Marsico Will Soon Introduce Legislation to Stay One Step Ahead of Criminals
HARRISBURG— Majority Chairman of the House Judiciary Committee Rep. Ron Marsico (R-Dauphin) is pleased to announce that he will soon introduce his legislation to update Pennsylvania’s Wiretap Act.

“Changes in the Wiretap Act are needed to keep one step ahead of criminal defendants that deal drugs, engage in organized crime, intimidate witnesses and victims, possess child pornography and support terrorist activity,” said Marsico. “Unfortunately, under current law criminals and criminal organizations have a decided advantage over law enforcement and use the fact that our laws fail to reflect current technology to their advantage.”

The act was updated last in 1998. Since then, technology has made historic advances, advances that law enforcement is not able to presently keep up with. In 1998, the use of digital telephony, caller ID, or voice mail was nonexistent. These ways to communicate are now commonplace. Marsico’s legislation would update the Wiretap Act to include the use of modern technology in order to track and bring to justice the most serious criminals.

“The goal of this legislation is not to permit the tracking of conversations or communications of law abiding individuals,” said Marsico. “Instead, the goal is to permit law enforcement to do what it does best – to investigate, identify, apprehend and prosecute criminals.”

A few of the changes Marsico is proposing would: 

        • Permit the use of law enforcement’s interception and recordings which are voluntarily 
        • Allow law enforcement officers to have access to properly obtained inmate 

        • Allow audio taping on school buses. Currently videotaping is permitted on school 
          buses; however, there is some debate regarding audio taping. This would settle the 
          debate and permit both audio and videotaping on school buses for student security 
          and discipline purposes. 

        • Allow information obtained through illegal civilian wiretap interceptions to be used but 
          only in criminal investigations and prosecutions. The creation of this new section 
          would not make it legal for civilians to tap each other. The prohibition and penalties for 
          illegal wiretapping by civilians would remain unchanged; however, law enforcement 
          would not be prohibited from using then in investigations. 

        • Permit a person who obtains knowledge of an oral communication by means 
          authorized by the laws of another state or federal government to disclose information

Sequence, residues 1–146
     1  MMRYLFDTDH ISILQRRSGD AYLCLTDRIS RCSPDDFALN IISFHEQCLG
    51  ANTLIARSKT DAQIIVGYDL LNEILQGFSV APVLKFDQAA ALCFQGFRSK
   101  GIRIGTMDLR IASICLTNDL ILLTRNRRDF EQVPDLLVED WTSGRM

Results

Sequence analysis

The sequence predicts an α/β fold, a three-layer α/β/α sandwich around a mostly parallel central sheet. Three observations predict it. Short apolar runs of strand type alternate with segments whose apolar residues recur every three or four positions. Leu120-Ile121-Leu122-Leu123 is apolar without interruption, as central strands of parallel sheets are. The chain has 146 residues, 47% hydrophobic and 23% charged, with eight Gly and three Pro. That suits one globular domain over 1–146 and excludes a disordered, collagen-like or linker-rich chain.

from that communication to law enforcement officers for use in its investigation or at 

        • Permit target-specific wiretaps when additional specificity, such as location or a 
          precise phone number, is lacking because of the criminals’ intention to thwart 
          interception by changing locations and phones. With the advent of prepaid cell 
          phones, this update to the existing law is imperative and mirrors the current federal 
          law. The wire would simply follow the suspect and not a particular location or phone 
          number. To obtain a Target Specific wiretap order, the court requires law 
          enforcement to prove why specificity is not feasible, who the target is and the stated 
          purpose. A court must then make a judicial finding that specification is not practical. 
          This is a much heavier burden than is required for an ordinary order under existing 

        • Properly extend the permissible range of certain tracking devices, as long as the 
          court issuing the orders approving their use has jurisdiction over the offense under 
          investigation and that the devices are monitored within the Commonwealth. This 
          change would recognize the reality that the world as we know it has grown smaller 
          and that criminals can easily take their nefarious activities across jurisdictional 

“My legislation would update and supplement our existing Wiretap Act so that the legislation addresses the technology of today, and not technology as it existed in 1998 when we made the last legislative changes,” said Marsico. “Currently, it is the criminals who are taking advantage of this technology and not law enforcement. This legislation is necessary to allow law enforcement the ability to use the advances in technology to better protect our citizens.”

Once introduced, this legislation will be referred to the House Judiciary Committee.

State Representative Ron Marsico
105th District, Pennsylvania House of Representatives
Contact: Autumn Southard